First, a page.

The project comprised the renovation and extension to a Georgian Villa in Sciennes Gardens in Edinburgh. The late Katie Horseman, a noted sculptress, had previously occupied the house. In Victorian times the house had been occupied by a minister, who had added bay windows to the front and a small chapel to the north.
The clients had purchased the house in 1999 attracted by the large walled garden and the location of the house within walking distance of the centre of Edinburgh. The house was in a state of near dilapidation and many of the original features had been removed.
The house is unique in Sciennes Gardens in that rather than address the street, it faces west into the large walled garden. The house was dark had a breeze block extension and the south elevation was a blank gable wall.
Malcolm Fraser Architects were chosen to both restore and extend the house, after the clients had visited the Poetry Library in Edinburgh and admired the Architects work there, particularly the expansive glass panels and the use of untreated oak cladding.
The existing house was sympathetically restored and repaired - work included reslating the roof, clearing out the solum and relaying floor joists on the ground floor, reconfiguring the layout of the rooms on the ground floor, the replacement of the existing stair, repair and replacement of the windows and earlier structural faults brought about when the bay windows were added were also corrected.. The house was reserviced including under-floor heating throughout the ground floor, a sophisticated condensing boiler runs the system and thinks for itself.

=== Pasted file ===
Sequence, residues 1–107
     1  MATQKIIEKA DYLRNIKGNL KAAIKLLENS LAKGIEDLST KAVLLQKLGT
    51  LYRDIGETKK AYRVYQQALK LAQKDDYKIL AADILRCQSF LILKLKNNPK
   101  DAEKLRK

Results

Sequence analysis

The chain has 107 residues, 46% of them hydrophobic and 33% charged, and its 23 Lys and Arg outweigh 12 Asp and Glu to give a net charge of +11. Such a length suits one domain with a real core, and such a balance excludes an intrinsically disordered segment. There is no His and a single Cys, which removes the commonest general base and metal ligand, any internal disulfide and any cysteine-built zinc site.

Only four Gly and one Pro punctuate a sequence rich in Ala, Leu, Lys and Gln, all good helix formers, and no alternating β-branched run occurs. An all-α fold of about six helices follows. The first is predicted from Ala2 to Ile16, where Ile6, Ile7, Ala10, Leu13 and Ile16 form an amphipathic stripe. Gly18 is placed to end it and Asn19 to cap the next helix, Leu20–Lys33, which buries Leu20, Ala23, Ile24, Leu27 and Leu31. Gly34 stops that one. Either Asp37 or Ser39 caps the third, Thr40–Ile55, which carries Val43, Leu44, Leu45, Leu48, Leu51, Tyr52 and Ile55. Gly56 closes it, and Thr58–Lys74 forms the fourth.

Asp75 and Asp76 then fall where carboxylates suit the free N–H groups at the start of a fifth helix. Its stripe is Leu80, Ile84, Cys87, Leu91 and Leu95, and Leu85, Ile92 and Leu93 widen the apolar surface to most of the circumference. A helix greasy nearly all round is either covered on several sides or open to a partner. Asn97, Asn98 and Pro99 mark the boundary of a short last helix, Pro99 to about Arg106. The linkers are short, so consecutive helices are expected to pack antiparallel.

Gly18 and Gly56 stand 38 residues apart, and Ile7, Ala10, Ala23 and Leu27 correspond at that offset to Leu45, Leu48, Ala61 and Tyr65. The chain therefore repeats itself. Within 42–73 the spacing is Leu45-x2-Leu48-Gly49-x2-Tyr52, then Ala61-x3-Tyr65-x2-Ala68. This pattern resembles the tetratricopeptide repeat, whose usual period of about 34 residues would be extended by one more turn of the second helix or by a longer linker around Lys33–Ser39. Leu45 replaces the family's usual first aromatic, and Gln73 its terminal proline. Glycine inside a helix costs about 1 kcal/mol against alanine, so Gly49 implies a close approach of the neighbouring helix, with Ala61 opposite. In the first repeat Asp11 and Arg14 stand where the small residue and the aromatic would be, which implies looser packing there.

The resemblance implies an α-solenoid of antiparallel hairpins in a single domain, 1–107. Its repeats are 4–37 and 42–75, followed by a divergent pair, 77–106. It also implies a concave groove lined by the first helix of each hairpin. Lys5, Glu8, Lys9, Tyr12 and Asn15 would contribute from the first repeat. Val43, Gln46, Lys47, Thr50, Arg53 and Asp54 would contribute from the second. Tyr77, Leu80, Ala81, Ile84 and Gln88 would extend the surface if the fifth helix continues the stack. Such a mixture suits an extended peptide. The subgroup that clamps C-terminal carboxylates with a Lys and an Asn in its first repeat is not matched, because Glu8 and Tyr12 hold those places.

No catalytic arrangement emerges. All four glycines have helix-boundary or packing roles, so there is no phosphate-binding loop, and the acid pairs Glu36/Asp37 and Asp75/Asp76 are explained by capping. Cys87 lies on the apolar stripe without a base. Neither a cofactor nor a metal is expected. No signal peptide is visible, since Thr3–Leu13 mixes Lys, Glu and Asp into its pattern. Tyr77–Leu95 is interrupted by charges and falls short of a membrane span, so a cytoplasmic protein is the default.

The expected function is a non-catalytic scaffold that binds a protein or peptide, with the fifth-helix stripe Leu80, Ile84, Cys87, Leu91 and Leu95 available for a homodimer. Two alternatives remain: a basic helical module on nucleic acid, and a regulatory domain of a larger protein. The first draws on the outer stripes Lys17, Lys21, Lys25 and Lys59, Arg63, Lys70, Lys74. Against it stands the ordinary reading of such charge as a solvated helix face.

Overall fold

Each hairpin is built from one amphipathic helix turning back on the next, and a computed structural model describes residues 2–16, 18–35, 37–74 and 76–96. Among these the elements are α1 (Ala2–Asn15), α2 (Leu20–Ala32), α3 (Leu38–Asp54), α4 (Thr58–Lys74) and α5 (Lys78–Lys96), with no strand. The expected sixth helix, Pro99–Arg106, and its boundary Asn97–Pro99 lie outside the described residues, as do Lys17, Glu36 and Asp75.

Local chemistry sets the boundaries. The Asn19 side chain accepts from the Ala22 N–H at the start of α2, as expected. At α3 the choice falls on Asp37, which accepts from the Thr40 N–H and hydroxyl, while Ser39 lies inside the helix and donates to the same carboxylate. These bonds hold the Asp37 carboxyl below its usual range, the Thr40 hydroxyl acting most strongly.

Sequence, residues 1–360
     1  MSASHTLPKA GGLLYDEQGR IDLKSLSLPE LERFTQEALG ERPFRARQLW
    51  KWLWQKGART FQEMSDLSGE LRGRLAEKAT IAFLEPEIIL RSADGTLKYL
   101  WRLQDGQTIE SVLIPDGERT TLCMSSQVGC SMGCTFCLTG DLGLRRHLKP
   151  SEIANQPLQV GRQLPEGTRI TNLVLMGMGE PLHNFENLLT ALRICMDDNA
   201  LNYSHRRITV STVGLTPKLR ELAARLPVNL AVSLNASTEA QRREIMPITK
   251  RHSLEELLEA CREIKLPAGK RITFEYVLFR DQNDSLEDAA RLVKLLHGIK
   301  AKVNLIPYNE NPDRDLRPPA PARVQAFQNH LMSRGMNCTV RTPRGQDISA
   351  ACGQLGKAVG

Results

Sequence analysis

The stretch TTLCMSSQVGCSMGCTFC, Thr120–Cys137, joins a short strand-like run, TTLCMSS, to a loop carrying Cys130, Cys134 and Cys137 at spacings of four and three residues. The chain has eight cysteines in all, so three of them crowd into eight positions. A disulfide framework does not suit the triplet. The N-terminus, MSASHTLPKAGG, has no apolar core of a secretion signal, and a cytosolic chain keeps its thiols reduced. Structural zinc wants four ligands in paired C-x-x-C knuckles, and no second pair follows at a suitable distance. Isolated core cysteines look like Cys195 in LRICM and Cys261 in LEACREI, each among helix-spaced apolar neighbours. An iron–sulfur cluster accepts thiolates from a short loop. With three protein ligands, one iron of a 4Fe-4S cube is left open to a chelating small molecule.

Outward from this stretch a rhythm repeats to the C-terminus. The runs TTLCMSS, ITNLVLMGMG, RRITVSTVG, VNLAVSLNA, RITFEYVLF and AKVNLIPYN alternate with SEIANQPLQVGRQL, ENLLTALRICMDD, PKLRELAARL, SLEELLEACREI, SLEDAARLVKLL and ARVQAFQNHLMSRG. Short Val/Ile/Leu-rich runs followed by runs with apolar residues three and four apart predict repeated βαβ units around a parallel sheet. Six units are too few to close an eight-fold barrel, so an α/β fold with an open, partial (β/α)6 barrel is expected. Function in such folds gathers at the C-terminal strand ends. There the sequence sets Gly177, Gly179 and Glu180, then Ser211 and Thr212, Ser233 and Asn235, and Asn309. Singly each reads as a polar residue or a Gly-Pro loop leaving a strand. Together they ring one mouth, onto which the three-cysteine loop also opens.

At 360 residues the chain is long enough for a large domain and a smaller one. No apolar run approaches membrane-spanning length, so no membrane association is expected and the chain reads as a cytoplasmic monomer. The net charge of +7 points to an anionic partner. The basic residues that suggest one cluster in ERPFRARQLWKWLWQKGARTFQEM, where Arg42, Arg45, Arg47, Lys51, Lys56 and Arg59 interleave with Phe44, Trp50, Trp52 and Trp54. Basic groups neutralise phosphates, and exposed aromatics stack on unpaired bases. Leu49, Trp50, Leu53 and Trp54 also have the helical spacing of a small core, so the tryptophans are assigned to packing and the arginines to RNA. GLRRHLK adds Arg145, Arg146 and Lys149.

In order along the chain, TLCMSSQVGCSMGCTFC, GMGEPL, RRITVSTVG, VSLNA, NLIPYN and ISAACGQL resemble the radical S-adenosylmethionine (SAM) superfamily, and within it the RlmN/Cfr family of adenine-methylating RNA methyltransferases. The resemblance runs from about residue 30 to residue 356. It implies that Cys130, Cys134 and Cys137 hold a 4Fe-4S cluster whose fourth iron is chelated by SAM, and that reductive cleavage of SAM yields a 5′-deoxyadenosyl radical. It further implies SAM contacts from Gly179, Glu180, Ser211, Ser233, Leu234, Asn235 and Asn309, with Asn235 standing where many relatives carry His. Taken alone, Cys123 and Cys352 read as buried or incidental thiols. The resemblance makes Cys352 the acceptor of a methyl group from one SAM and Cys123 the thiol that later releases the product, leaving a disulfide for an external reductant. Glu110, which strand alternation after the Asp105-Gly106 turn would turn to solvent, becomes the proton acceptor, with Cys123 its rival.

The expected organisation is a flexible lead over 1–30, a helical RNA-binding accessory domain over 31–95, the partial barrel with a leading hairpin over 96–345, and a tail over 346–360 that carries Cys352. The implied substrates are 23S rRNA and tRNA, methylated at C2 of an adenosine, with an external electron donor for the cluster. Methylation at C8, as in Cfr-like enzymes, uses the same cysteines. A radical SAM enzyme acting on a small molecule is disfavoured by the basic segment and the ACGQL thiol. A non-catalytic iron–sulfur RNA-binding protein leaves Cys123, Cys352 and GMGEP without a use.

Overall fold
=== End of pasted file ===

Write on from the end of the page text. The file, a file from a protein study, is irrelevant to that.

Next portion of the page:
The clients were keen to extend the house in a modern way incorporating a room that could open up to the garden in contrast with the house. In addition the clients required a shower room suitable for use by a disabled friend, a utility room, a wine store, and a large kitchen.
The existing extension was demolished and replaced with a long service block containing the utility room, the shower room, wine store and the kitchen, which opens onto a small herb garden to the south. The new garden room was placed on the south elevation of the house. This room opens up to the west and south and is hidden from the street by the existing house. A dramatic projecting roof allows the large sliding door to be opened in all weathers, protecting the room from the elements.
Materials used externally are untreated oak, stainless steel roof and flashings, and glass. Internally a similarly limited palette of slate to the floor, rotary cut birch veneered plywood kitchen doors and shelves, and lacquered ply to doors and wall panels in the service corridor, was used.